The cemetery includes a hall for funeral services, a washroom, the guard's house, and an old building which was renovated and houses the findings of the cemetery, like a museum. This was originally the guard's house. Its construction was sponsored by Ferdinand Rothchild in 1897 when he visited Chalkis. In the Fall of 1999 the ceremony for the placement of the Mezuzah was held in the renovated building.
A Memorial in the memory of the victims of the Holocaust has been erected in the same area. The busts of the late Metropolitan Bishop Grigorios and Colonel Frizis stand on each side of it. The memorial and the busts were unveiled in June 2000 in a ceremony in which the Municipality of Chalkis, the Central Board of Jewish Communities in Greece and the Jewish Community of Chalkis participated. At this point we have to underline that one more bust of the War hero M. Frizis is erected on a square near the old bridge of Chalkis. In addition, a section of Siokou Street is called M. Frizis Street and a square opposite the Fire Brigade building bears the same name.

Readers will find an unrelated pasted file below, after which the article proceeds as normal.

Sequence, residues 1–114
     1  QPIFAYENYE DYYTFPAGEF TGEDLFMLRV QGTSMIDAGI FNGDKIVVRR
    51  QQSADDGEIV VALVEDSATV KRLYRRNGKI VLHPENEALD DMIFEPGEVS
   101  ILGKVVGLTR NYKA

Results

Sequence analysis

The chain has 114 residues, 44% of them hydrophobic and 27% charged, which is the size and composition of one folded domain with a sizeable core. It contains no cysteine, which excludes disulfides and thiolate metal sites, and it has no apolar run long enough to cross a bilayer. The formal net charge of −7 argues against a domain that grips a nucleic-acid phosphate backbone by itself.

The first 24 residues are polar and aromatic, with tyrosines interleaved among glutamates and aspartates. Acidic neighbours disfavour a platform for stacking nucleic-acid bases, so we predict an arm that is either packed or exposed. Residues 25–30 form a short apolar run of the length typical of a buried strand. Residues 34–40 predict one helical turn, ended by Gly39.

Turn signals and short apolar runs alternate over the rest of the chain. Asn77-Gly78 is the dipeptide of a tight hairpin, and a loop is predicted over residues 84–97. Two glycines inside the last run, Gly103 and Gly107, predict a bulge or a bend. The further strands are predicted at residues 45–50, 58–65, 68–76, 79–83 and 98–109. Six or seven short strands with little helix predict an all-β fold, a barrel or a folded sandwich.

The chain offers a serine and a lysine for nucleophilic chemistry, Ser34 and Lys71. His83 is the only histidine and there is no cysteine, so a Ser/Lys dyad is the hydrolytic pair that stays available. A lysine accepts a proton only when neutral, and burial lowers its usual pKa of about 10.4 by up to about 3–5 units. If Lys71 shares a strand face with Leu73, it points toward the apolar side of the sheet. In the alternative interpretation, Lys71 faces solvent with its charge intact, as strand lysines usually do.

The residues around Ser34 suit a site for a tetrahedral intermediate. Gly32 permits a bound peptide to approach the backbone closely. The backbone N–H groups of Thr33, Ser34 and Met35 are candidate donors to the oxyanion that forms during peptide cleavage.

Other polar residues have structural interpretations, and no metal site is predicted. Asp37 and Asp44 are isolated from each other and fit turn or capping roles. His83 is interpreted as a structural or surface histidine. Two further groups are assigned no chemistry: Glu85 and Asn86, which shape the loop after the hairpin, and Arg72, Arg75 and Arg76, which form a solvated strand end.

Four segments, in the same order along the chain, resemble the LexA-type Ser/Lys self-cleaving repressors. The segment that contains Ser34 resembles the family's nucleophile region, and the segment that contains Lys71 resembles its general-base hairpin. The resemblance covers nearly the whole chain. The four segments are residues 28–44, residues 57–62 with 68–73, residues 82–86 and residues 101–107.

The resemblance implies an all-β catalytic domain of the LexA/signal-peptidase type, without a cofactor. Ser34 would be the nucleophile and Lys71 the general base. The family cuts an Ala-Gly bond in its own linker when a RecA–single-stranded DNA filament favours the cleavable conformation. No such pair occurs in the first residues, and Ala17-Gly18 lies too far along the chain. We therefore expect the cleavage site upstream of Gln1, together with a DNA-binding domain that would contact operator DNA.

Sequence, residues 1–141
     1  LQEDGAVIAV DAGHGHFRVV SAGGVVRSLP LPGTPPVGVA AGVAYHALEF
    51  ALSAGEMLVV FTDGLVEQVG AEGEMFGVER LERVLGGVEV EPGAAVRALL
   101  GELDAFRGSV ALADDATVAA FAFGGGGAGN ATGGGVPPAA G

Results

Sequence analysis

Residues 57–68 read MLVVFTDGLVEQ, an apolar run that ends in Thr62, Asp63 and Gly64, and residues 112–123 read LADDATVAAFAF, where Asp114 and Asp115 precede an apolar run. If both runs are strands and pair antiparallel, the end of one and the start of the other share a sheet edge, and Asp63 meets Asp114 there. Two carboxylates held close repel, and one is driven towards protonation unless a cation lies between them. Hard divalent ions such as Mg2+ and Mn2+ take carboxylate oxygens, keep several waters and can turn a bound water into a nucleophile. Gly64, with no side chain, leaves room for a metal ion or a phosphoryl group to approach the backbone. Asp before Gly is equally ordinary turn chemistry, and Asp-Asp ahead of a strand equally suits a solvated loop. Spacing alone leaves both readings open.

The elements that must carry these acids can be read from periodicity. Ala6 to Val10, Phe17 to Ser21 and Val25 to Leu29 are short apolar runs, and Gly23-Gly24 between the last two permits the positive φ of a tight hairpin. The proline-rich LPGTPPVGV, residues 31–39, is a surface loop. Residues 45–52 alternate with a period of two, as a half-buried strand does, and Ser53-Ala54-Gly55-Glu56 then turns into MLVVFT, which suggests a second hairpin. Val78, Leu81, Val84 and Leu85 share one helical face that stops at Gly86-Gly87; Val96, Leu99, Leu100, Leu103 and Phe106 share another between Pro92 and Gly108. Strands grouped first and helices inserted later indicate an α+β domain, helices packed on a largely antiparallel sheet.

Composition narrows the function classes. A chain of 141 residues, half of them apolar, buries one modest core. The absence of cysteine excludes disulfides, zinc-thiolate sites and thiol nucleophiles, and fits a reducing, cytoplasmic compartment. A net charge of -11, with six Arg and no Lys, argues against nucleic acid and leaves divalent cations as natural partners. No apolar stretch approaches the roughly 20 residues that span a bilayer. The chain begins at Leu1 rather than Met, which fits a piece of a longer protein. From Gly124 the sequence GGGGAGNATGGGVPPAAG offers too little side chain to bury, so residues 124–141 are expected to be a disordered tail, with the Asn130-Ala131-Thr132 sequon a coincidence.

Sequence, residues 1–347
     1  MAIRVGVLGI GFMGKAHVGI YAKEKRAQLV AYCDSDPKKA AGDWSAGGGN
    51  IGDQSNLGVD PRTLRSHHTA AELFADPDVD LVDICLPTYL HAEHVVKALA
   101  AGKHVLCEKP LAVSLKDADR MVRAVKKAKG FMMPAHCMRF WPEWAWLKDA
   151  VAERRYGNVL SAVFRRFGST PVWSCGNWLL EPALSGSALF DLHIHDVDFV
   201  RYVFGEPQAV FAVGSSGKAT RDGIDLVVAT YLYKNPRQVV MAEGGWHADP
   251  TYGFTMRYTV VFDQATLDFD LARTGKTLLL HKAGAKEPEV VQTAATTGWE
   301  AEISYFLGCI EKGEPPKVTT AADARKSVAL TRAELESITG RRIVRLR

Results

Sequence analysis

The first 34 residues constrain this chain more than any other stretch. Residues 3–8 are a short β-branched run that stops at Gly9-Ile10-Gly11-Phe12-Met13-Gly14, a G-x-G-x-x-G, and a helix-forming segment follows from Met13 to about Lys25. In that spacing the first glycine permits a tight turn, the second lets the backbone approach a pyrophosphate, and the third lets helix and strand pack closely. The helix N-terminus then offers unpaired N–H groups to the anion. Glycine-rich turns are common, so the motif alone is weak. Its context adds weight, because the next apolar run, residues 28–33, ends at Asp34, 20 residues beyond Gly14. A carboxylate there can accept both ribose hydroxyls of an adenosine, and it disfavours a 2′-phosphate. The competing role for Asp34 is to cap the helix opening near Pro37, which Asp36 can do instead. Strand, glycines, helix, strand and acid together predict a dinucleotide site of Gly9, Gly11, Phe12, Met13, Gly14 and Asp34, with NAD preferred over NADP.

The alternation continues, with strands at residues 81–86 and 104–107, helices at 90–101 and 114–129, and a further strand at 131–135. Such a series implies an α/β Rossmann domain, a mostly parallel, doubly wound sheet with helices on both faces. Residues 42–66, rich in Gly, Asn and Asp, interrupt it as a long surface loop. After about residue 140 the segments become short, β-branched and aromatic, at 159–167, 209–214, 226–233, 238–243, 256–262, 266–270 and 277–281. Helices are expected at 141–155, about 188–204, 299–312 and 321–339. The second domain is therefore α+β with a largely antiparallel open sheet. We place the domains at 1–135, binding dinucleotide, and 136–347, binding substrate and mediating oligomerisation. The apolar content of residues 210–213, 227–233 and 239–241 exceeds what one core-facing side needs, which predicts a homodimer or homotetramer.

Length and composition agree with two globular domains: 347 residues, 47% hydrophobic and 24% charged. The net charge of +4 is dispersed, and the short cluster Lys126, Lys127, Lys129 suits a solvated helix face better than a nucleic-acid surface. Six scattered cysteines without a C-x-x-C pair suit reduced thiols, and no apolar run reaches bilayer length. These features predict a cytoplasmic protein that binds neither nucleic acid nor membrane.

THE COMMUNITY TODAY
After the liberation, in 1945, many Jews left and settled in Athens, Israel and the United States. In spite of this, the Community was re-organized and functions normally. Unfortunately today it only has 66 members.
It is a legal body under state law of religious and charity nature and administered by a five-member board elected every three years.